- uploaded: Dec 10, 2012
- Hits: 166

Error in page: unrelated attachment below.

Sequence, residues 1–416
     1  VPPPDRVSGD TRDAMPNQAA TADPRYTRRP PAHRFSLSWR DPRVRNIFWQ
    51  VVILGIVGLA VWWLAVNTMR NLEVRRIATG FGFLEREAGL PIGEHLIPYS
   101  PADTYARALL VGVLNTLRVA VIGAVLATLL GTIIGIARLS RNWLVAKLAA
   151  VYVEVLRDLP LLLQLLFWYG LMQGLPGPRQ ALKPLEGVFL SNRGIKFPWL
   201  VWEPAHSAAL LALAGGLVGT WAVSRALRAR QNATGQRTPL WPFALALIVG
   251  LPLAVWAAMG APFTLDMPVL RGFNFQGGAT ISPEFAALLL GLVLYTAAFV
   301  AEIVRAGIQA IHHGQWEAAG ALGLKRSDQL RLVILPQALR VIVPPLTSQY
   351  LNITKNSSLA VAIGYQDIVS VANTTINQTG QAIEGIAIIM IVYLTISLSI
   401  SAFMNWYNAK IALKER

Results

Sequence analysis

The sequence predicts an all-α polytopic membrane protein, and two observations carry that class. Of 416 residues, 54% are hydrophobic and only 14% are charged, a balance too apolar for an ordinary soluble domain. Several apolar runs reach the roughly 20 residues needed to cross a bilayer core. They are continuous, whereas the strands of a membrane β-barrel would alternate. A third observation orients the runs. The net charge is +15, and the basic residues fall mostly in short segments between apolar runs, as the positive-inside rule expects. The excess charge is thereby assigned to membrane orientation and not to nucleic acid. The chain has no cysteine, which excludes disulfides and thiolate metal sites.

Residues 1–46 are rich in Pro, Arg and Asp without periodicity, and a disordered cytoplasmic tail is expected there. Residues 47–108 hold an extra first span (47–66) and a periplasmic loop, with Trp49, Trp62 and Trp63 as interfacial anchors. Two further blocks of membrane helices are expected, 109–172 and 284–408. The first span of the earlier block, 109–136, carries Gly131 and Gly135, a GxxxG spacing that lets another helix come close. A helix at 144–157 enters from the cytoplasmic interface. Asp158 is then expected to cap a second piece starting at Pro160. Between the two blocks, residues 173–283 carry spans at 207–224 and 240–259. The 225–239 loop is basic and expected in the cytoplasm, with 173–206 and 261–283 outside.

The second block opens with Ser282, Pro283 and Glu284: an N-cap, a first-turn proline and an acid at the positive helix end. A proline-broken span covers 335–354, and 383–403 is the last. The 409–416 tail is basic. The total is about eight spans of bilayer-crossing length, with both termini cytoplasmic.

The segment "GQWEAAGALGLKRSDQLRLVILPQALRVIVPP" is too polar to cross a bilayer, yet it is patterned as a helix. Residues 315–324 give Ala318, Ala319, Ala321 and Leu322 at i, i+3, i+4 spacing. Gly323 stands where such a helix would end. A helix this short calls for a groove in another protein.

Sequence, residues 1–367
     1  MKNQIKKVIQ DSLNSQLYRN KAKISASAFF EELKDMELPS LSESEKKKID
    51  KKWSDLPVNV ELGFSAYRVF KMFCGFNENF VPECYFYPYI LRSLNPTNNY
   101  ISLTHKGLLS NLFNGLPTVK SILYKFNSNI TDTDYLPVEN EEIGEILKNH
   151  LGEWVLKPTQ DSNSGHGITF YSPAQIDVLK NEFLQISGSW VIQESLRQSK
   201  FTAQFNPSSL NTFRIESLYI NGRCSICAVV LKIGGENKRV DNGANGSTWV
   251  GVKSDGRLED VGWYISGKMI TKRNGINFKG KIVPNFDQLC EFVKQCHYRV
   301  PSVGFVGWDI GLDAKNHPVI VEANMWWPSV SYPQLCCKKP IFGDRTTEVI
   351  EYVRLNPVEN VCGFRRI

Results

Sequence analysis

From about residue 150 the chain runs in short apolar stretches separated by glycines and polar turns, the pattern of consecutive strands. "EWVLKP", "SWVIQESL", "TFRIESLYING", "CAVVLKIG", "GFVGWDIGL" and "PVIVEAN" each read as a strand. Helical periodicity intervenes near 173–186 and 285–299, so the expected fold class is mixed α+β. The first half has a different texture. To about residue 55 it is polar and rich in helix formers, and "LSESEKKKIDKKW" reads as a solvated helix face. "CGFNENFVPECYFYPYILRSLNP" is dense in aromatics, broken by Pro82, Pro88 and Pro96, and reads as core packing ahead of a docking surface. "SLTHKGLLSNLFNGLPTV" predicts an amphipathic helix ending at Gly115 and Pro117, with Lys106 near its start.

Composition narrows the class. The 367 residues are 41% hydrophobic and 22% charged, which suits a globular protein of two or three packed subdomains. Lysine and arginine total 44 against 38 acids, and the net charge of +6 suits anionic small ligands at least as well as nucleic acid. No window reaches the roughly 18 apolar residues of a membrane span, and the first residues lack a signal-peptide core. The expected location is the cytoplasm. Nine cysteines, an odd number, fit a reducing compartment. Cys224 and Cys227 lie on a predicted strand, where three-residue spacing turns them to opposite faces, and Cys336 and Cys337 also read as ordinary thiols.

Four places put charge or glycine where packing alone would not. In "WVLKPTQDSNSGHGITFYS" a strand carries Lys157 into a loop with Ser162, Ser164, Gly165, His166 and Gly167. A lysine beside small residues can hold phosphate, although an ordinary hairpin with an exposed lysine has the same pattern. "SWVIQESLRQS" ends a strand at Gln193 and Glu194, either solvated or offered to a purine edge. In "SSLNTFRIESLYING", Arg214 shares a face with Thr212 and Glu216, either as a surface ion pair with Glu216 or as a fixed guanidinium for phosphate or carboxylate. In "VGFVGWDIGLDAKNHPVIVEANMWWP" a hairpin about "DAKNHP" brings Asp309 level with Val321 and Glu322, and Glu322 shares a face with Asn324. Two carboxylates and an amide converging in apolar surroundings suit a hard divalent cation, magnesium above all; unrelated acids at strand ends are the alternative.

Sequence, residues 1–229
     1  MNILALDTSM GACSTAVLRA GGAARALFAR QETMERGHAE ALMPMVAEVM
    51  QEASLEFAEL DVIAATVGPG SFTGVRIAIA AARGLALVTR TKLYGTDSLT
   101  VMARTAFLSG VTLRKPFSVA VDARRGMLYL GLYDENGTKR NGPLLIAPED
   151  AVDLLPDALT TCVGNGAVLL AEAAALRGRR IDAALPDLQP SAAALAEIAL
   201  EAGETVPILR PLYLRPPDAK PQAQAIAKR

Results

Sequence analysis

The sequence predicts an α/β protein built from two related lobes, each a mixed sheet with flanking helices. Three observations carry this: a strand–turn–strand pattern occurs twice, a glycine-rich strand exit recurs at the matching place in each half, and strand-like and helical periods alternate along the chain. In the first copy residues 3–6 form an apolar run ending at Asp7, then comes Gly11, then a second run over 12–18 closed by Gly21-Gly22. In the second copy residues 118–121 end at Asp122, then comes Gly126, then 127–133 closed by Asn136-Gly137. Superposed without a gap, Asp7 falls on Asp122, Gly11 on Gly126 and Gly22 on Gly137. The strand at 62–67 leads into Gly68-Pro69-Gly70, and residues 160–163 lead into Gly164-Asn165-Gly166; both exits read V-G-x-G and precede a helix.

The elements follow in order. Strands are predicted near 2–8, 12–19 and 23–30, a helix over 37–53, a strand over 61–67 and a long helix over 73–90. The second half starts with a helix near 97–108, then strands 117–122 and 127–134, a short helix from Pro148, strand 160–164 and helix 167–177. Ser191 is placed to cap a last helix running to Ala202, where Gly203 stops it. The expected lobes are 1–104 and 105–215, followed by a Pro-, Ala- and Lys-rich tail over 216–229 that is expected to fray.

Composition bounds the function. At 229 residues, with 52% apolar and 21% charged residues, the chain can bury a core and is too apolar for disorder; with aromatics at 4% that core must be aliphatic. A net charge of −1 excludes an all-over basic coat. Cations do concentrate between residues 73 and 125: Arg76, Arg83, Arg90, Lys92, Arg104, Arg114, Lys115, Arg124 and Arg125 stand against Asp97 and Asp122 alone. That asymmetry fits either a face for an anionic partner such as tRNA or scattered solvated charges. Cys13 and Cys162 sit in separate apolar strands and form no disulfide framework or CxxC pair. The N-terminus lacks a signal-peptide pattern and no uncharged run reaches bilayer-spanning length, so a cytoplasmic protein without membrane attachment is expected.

Date: 12-09-12Host: Ian PunnettGuests: Timothy L. O'Brien, Raymond Benson, Bill Wasik, Monica MurphyIan Punnett (Twitter) was joined by author Timothy L. O'Brien, who discussed the assassination of Abraham Lincoln and the culture of that period in American history. "What surprises me is how little is really, truly modern in our lives," he said of his research into that era. To that end, he noted that debates over presidential authority, the power of the business class, and issues surrounding race, gender, and immigration existed following Lincoln's death and remain holy debated to this day. On the Great Emancipator, himself, O'Brien marveled that "there's a lot about Lincoln that actually does live up to the myth," unlike many other historical figures who have become immortalized over time.While John Wilkes Booth is forever vilified for his role in the assassination, O'Brien detailed some of the key players who also played a role in the plot unfolding. One such character was Mary Surratt, the woman who owned a boardinghouse where it is believed the assassination was planned and who was hung for her role in Lincoln's death. Although O'Brien conceded that Surratt likely withheld information about her knowledge of the plot from authorities, he suggested that her son, John, who fled the country following the assassination, likely played a more pivotal role in the event.O'Brien also discussed the relationship between Lincoln and his wife, Mary Todd, as well as her life following the assassination. He lamented that Mary Todd has seemingly been "brutalized by history" and treated as a caricature by historians. O'Brien attributed this portrayal to Mary Todd's penchant for visiting seances in the hopes of communicating with her late husband. "She was desperately searching for some answers and some support," he observed. Additionally, O'Brien defended Mary Todd against the frequent historical depiction that she was an unhappy spouse, noting that the former president had his own personal issues, such as depression. "I don't know how easy he might have been to live with, himself," O'Brien mused.Behind BondIn the first half hour, James Bond novelist, Raymond Benson, shared his thoughts on the new Bond film, Skyfall. "It pushes a lot of buttons in a lot of people," he said, "it's certainly the best Bond film they could have made in the year 2012." To that end, Benson pointed to the "legacy of Bond" and how, over the years, the style of the films have evolved with each actor who played the legendary spy as well as the mood of society at the time. During his appearance, Benson also talked about how his book, The Man with the Red Tattoo, inspired the creation of a Bond museum in Japan "dedicated to the novel."RabiesIn the second half hour, journalist, Bill Wasik, and veterinarian, Monica Murphy, discussed the history, science, and cultural mythology of rabies. Noting that the disease has been recorded in historical accounts dating back to the origins of human writing, Wasik surmised that the terror associated with rabies lies in the fact that it can be seen passing from animals to humans and often originates from domesticated dogs. Since the overt symptoms of rabies may not be visible in animals infected with the disease, Murphy warned that "any wildlife that's acting strangely" should be a sign to call authorities for help. Coast to Coast AM is a North American (U.S. and Canada) late-night radio talkshow that deals with a variety of topics, but most frequently ones that relate to either the paranormal or conspiracy theories. The program currently airs seven nights a week 1:05 a.m. -- 5:00 a.m. Eastern Time (10:05 p.m. -- 2:00 a.m. Pacific Time).Originally created and hosted by Art Bell, as of 2012 the program is hosted on most nights by George Noory. According to estimates by Talkers Magazine, Coast to Coast AM draws approximately 3 million listeners, making it the most listened-to program in its time slotFormat and subject matterThe Coast to Coast AM format consists of a combination of live callers and long format interviews. The subject matter covers unusual topics and is full of personal stories related to callers. While program content is often focused on paranormal and fringe subjects, sometimes world class scientists such as Michio Kaku and Brian Greene are featured in long format interviews. Topics discussed include the Near-death experience, climate change, cosmology, quantum physics, remote viewing, hauntings, contact with extraterrestrials, psychic reading, metaphysics, conspiracy theories, Area 51, crop circles, cryptozoology, Bigfoot, the Hollow Earth hypothesis, and science fiction literature, among others. Since the September 11, 2001 attacks, the events of that day (as well as alternate theories surrounding them) and current U.S. counter-terrorism strategy have also become frequent themes.